The PR machine has long been whirring in the build up to the movie. At this year’s MTV Music Awards, Skarsgård and Tarzan co-star Samuel L Jackson took to the stage to announce a category. Skarsgård came on stage with his top half in traditional black tie, and his bottom half in, well, underpants: “I don’t know – I just wanted to do something different. The image that people have of Tarzan is obviously shirtless, so I wanted to do a little twist on that,” he continues. “Shirtless is considered to be very sexy, but if you do top but no pants, then it’s not nearly as sexy.” We suspect that the wolf-whistling teenage audience may have disagreed with him on that one.
In 2013, he took part, in the Walking With the Wounded South Pole Allied Challenge – alongside Prince Harry. The charity is dedicated to helping wounded members of the military. “It was just such an amazing opportunity; it’s an absolutely incredible charity. I was in the military myself, in Sweden – I was a sergeant in the Royal Navy,” he continues. “When this opportunity presented itself – to ski into the South Pole with 12 veterans that were all wounded in Afghanistan and Iraq – I was really excited.”
Skarsgård also utilised his prior military experience for his role as Sgt Brad Colbert in the mini-series Generation Kill. “There were so many similarities between what I did and what Sgt Brad Colbert did – both of us were sergeants, both were leaders. So I could obviously draw from that in finding the character,” says Skarsgård.
He got his first big break in the original Zoolander film. “I was incredibly surprised, I wasn’t even technically working over here [in the US]. My dad was an actor and he was shooting a movie out in Los Angeles – and I was here on vacation with my family just hanging out really. My dad’s manager just asked me at dinner one night. He was like ‘Oh, you’re an actor, and you’ve done a couple things; do you want me to send you out on an audition here in Hollywood?’”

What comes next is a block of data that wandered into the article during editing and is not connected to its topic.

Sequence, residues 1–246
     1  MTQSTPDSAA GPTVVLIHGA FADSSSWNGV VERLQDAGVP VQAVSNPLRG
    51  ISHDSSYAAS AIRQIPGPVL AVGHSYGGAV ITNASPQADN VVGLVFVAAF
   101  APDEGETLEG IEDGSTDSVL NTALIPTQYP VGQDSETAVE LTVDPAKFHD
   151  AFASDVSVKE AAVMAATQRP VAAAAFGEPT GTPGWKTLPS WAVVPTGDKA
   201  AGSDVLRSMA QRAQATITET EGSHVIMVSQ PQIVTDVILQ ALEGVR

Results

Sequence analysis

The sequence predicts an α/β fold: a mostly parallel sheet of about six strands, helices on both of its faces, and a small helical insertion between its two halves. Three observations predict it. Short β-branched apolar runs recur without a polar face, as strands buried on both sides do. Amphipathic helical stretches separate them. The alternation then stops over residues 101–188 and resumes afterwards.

The part that really catapulted him, though, was that of Eric Northman, in the hit HBO series True Blood – a role that he played from 2008 until 2014. “I met with Alan [Ball], before my audition for Generation Kill, a couple months before. Then didn’t hear anything for eight months, so it was one of those where I assumed that it had gone to someone else,” says Skarsgård. But then, while he was filming Generation Kill, he got a call from Ball that would change the course of his career forever.
London is such a cosmopolitan big city, but I went to Leeds because I wanted the real English experience
Skarsgård was born in Sweden and still remembers his roots. “If I ever have a break I go to Stockholm. My family is all in south Stockholm, so whenever I have time off I try to go there,” he says. After growing up in Sweden and serving in the military, he went to the University of Leeds. “I had a really amazing time at Leeds,” the actor reveals. “It was right after my military service, and I wanted to go to England. I had so many friends in London; a lot of Swedes go to London after college to you know, kind of have that year abroad. London is such a cosmopolitan big city, but I went to Leeds because I wanted the real English experience – somewhere where there aren’t tonnes of tourists or lots and lots of people from Sweden that I know.”
The days of anonymity for Skarsgård are coming to an end, though – as Tarzan is sure to propel him into the celebrity stratosphere.
The Legend of Tarzan is in cinemas from 6 July. For more about the movie, see our interview with co-star Samuel L Jackson.